The recent launch of ‘O2 Money’ has brought prepaid solutions back into the limelight. However, it is important to note that prepaid can help to solve crucial business challenges as well as consumer issues. Companies of all sizes must be able to make efficient
cross-border payments to operate effectively in multiple geographies. In particular, smaller more frequent payments pose a significant dilemma in terms of the high associated administration costs and time requirements. In light of these business challenges,
virtual prepaid is emerging as a popular solution for instant, global payments. That said, and like everyone else, prepaid solutions must operate within a complex set of international regulations, and
virtual prepaid schemes also entail some specific challenges.
Firstly, their digital nature complicates the interpretation of rules relating to the location where activity is taking place. Rules relating to territory can impact on where funds are held, where funds can be redeemed, and treatment of breakage. Location-based
regulations are particularly relevant to solicitation for business, however in the case of virtual cards the normal territorial rules do not readily apply. Users in cyberspace can sign-up to providers without any specific targeting of a given territory. Solicitation
for financial products is traditionally constrained by both regulators and the card schemes, both of which relate to national boundaries. However, it is possible for prepaid operators to tackle these problems through a combination of technology, sensible risk-based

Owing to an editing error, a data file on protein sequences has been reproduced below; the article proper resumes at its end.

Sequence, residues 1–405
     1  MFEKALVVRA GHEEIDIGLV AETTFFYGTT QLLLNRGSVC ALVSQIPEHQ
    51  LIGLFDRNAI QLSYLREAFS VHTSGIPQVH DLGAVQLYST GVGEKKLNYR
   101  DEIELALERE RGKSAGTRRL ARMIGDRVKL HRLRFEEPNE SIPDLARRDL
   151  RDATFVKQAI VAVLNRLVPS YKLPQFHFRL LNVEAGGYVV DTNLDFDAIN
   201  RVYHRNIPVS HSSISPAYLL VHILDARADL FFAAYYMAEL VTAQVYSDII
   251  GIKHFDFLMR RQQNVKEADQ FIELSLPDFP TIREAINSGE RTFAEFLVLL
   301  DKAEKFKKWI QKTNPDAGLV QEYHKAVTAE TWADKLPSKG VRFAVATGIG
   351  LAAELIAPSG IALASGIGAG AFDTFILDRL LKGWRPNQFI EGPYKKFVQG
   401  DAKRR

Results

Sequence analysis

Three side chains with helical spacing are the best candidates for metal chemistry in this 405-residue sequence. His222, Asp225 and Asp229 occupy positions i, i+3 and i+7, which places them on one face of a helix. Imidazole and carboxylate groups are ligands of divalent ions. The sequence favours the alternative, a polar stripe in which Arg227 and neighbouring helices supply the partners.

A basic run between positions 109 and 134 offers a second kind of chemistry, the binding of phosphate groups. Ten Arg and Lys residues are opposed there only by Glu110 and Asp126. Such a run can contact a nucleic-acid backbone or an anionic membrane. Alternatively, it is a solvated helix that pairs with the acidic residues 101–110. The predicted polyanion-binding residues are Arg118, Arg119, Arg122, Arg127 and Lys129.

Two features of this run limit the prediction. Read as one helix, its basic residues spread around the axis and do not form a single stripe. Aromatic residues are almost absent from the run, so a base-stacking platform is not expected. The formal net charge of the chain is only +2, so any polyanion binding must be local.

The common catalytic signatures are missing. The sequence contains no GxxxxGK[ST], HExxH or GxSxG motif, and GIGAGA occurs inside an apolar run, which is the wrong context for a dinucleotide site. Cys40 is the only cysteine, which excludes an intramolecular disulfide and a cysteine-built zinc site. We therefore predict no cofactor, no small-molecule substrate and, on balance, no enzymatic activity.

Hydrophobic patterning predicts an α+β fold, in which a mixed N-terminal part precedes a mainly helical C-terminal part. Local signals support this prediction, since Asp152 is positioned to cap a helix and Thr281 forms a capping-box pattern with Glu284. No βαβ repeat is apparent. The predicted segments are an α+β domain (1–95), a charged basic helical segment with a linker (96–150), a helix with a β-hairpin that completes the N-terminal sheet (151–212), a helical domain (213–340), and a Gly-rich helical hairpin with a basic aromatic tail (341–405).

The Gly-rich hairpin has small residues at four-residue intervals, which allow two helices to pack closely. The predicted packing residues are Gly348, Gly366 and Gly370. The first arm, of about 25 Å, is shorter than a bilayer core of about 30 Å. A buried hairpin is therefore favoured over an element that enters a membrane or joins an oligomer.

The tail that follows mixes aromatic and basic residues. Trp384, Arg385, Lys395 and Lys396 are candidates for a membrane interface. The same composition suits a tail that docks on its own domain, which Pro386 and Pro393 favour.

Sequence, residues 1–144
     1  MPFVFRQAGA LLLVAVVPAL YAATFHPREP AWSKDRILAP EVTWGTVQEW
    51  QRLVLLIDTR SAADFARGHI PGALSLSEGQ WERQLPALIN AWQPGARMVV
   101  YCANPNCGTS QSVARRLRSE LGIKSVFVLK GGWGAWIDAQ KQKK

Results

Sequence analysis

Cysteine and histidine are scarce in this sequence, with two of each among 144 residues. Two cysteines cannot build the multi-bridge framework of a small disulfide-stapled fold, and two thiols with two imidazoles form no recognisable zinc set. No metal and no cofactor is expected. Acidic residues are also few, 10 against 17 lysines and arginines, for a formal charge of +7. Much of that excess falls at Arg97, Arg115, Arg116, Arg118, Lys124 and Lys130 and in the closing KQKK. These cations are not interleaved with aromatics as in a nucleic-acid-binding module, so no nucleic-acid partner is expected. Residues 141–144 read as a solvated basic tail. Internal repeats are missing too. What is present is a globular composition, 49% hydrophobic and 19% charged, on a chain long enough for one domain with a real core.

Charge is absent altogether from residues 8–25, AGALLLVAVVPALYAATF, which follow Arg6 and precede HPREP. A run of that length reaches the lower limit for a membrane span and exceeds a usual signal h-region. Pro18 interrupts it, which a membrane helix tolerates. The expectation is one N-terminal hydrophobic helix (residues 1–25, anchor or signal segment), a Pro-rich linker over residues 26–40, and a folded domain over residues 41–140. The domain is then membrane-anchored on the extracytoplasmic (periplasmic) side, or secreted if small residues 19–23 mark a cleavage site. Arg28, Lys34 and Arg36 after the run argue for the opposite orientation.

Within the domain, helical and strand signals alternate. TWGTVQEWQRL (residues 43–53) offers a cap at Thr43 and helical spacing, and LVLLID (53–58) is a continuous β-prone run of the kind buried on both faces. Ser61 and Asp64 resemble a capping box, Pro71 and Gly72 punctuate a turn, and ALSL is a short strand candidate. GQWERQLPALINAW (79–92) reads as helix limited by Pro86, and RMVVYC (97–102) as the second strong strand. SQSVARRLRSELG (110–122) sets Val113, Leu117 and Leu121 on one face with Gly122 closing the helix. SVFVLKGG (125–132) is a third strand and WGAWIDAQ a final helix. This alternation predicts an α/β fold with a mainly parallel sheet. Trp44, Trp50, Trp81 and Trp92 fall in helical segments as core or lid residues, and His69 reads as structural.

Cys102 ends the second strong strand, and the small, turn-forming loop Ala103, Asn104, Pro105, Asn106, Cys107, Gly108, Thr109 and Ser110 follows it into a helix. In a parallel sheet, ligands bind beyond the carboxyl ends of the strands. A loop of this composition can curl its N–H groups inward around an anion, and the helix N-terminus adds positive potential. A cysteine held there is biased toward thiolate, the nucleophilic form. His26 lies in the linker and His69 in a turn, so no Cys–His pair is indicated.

policies and active compliance risk management. For example, IP geo-referencing can improve the ability of virtual prepaid schemes to tailor to territorial regulations.
The fast-moving nature of the virtual prepaid industry makes issues such as compliance more challenging than for traditional physical plastic-based cards. For example, the EU 3rd Money Laundering Directive allows fairly light ‘Know Your Customer’ (KYC) thresholds
on low amounts of e-Money. However, in a digital world, an individual may relatively easily obtain 1,000s of virtual cards by creating distinct digital personas and thereby bypassing the KYC thresholds. A similar issue relates to the access of virtual cards
by minors allowing them to purchase goods and services prohibited to under-18s. Data mining of transactions can be used to identify rare or suspicious patterns to combat money laundering or non-compliance with local regulations.
Whilst mapping territorial rules onto the digital universe will continue to pose challenges for virtual prepaid providers, those who embrace sophisticated technologies and take a global view are most likely to reap the business benefits from these solutions.
Then virtual prepaid will be well placed to thrive in both the borderless online and territory-based offline environments.